A convention developed to name each one after a hero from the same story. Only those trailing Jupiter (clustered at the sun-Jupiter L5 position) are given Trojan names, such as Hektor, whereas those ahead of Jupiter (at L4) are give Greek names, such as Achilles. Collectively, whether at L4 or L5 they are all referred to as Trojans.

Asteroid positions, with Jupiter’s Trojans in green. (Image credit: Mdf at English Wikipedia, Public domain, via Wikimedia Commons)

Small numbers of Trojan asteroids have now been discovered associated with Neptune (23), Uranus (1) and Mars (9). But 2020 XL5 is only the second Trojan companion of Earth to have been found. The first, 2010 TK7, was discovered in 2010 (opens in new tab). That's only about 300 meters across, so 2020 XL5 considerably outmasses it at about 1.2km across.

There are probably many more Earth Trojans, but they are hard to discover from Earth because they can only ever be seen fairly low in the pre-dawn sky if at L4 like both 2010 TK7 and 2020 XL5, or just after sunset if at L5 (where none have yet been found). Their orbits are not stable over millions of years, so they can't be remnants that have been there ever since Earth's formation but must have drifted into place later.

However, the SOAR observations were able to show that 2020 XL5 appears to be a carbon-rich asteroid (called C-type). So it is a sample of what the solar system was built from, and it would be instructive to study Earth's Trojan companions in more detail as examples of unaltered material.

But could we mine them or use them in other ways? Santana-Ros notes that 2020 XL5 has an orbit that bobs above and below Earth's orbital plane. This means that to maneuver a spacecraft into a rendezvous (to orbit or land on it) would require considerable velocity change. That would probably need too much fuel to be practical. The same applies to 2010 TK7.

However, the study points out that if other Earth Trojans are found in orbits that are less tilted, these might make handy bases as staging posts for exploration of the solar system. They'd be much easier to take off from than from the Earth or moon because their gravity is so slight. They could even be a source of resources that we could mine.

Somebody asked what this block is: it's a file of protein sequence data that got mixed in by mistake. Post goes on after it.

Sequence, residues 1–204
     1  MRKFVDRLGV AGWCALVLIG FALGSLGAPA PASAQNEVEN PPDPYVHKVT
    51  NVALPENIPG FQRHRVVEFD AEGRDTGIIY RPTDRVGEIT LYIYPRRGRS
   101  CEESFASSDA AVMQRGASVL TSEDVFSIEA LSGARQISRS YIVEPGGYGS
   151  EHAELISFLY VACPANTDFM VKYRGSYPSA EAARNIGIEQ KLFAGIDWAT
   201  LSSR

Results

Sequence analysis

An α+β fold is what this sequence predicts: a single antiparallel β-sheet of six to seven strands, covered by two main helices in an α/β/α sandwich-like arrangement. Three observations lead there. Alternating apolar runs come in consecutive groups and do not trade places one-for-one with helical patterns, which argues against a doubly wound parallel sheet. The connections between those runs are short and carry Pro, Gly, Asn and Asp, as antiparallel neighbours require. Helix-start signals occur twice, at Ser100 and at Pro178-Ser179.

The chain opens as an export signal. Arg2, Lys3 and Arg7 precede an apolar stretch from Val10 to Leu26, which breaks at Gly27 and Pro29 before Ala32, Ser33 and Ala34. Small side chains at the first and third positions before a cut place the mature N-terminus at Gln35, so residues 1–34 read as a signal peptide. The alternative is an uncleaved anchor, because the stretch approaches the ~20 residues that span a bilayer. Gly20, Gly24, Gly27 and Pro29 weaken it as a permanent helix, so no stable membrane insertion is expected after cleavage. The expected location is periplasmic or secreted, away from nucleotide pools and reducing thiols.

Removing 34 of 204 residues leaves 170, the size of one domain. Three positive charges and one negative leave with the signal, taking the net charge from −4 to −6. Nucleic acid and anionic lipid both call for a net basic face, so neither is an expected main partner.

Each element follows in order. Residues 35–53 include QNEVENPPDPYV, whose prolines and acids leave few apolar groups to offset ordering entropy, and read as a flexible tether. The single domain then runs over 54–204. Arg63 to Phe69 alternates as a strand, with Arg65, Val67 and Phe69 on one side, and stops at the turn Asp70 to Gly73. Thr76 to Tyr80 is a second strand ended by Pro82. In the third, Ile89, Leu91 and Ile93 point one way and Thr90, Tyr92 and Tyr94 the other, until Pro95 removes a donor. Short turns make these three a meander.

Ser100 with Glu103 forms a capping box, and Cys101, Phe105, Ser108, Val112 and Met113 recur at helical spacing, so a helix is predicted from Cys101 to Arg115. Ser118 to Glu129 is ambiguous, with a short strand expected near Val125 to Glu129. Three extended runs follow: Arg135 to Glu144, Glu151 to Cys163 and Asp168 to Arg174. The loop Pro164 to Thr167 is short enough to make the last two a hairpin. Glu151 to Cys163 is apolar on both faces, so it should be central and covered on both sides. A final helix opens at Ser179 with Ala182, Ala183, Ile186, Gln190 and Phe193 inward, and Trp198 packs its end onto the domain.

This article is republished from The Conversation (opens in new tab) under a Creative Commons license. Read the original article (opens in new tab).

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David Rothery
Professor of Planetary Geosciences, The Open University

David Rothery is a professor of planetary geosciences at the Open University in Milton Keyes, England, where he studies volcanic activity with remote sensing, as well as volcanology and geoscience on other planets. He earned a Ph.D. on the applications of remote sensing from Open University in 1982 and has been a professor of planetary geosciences since 2013. Prior to that he had served as a senior lecturer since 1994. David is the U.K. lead co-investigator on the Mercury Imaging X-ray Spectrometer aboard the European Space Agency's BepiColombo mission to Mercury and chairs ESA's Mercury Surface and Composition Working Group. He is the author of several books on space geosciences, including his landmark Planet Mercury: From Pale Pink Dot to Dynamic World (Springer-Praxis, 2014). You can see David's latest updates by following him on Twitter (opens in new tab).